2. Rachel Mason (GL/MTU)

3. Sharmila Ahmed (MW/GoTraining)

4. Elizabeth Simak (MW/F.A.S.T.)

5. Claire Galvin (MW/GoTraining)

6. Alice Flanders (MW/Sisu SC)

OJ girls heat results

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Diggins 12th in World Junior Women’s Pursuit, Despite Crash

Jessie Diggins chasing after crashing at the start of the women's pursuit.

The U.S.’s Jessie Diggins led the North American women in Sunday’s 10 k pursuit at the World Junior Championships in Otepaa, Estonia, finishing 12th.

However, a crash in the first kilometer left her with a broken pole, putting her out of contention on a day on which she otherwise seemed to ski well enough to contend for the podium.

Norwegians took the top two spots, with Heidi Weng and Martine Ek Hagen snaring gold and bronze. Germany’s Helene Jacob was third.

In addition to Diggins, American Joanne Reid had a strong race in 24th, while Annika Hicks led the Canadians.

Link to full results.

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Cockney Best North American with Sixth in U-23 Classic Sprint

Canadian Jesse Cockney led the North American men and women with sixth place in the U-23 World Championships classic sprint on Saturday.

His teammate Len Valjas was a favorite in the event, but was eliminated in the quarterfinals after choosing a slow, powdery lane on a blustery, snowy day in Otepaa, Estonia.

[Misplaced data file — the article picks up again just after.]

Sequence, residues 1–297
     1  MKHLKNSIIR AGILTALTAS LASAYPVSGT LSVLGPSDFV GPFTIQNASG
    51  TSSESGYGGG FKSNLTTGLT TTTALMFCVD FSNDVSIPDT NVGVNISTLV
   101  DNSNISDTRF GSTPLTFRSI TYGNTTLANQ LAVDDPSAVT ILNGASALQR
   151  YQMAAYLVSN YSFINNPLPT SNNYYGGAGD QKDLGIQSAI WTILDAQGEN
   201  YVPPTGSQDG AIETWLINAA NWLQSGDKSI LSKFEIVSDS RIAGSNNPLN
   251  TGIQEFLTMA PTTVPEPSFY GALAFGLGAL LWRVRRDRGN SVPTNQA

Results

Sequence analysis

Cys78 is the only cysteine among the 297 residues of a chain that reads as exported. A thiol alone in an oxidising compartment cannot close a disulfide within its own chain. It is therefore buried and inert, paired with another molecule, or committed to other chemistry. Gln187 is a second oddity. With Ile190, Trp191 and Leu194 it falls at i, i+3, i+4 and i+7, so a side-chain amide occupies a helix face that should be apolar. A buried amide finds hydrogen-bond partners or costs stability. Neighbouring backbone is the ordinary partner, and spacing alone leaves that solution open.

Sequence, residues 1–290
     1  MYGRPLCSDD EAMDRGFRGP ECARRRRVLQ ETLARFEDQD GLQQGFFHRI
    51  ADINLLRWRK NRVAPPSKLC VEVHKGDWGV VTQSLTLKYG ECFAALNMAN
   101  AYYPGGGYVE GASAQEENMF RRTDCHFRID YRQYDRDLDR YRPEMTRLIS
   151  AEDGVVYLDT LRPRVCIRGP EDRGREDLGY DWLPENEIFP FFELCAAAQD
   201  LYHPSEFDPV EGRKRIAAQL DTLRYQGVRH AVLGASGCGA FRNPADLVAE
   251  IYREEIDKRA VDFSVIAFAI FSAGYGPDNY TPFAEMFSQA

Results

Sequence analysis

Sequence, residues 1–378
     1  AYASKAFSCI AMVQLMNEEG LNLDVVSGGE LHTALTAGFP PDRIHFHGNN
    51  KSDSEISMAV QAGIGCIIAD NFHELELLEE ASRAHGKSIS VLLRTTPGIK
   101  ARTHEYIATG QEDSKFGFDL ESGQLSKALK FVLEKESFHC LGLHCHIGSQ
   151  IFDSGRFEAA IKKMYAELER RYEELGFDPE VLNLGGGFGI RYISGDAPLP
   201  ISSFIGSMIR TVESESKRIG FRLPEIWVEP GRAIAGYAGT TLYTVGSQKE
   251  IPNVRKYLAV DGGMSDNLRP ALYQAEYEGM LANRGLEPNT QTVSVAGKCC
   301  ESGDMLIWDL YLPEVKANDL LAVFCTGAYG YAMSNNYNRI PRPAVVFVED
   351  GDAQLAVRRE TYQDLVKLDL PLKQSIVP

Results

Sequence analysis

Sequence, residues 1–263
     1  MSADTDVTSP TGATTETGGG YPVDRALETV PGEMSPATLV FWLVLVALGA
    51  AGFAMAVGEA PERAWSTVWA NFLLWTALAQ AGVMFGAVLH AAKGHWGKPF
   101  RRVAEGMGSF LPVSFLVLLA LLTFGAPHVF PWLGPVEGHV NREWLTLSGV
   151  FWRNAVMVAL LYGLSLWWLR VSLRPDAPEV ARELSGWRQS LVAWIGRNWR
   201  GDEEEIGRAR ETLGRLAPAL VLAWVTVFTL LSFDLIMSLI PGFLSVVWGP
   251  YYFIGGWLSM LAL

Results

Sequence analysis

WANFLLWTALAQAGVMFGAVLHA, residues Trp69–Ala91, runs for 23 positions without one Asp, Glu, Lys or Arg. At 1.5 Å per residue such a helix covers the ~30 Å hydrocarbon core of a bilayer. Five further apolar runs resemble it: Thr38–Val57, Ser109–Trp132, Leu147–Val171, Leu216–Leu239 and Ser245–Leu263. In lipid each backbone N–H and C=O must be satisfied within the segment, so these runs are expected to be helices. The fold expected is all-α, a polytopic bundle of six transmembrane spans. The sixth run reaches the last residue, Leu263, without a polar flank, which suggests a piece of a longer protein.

Russian Alexander Panzhinskiy won the men’s race, while Finland’s Kerttu Niskanen took women’s gold.

Timo Andre Bakken and Magnus Moholt rounded out the men’s podium, while Norway’s Britt Ingunn Nydal and Sweden’s Jennie Oeberg took silver and bronze for women.

Canada’s Alysson Marshall was the only North American to advance past the quarters—she was last in her semifinal to finish 12th on the day. Americans Ida Sargent, Jennie Bender, and Sadie Bjornsen did not escape their quarterfinal heats.

Full, exciting reports to come on both races.

Women’s qualifying results. Women’s final results.

Men’s qualifying results. Men’s final results.

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Two Russians Top U-23 15k, Hoffman 20th; 13th for Top Canadian

Stanislav Perliak (RUS) on his way to second place in the men's 15k classic

Stanislav Perliak (RUS) on his way to second place in the men's 15k classic

With little recovery, some big climbs, and a layer of new snow, the 3.75k course here in Hinterzarten is a tough one. By the time the U-23 men here had been around it four times, they got to know it pretty well.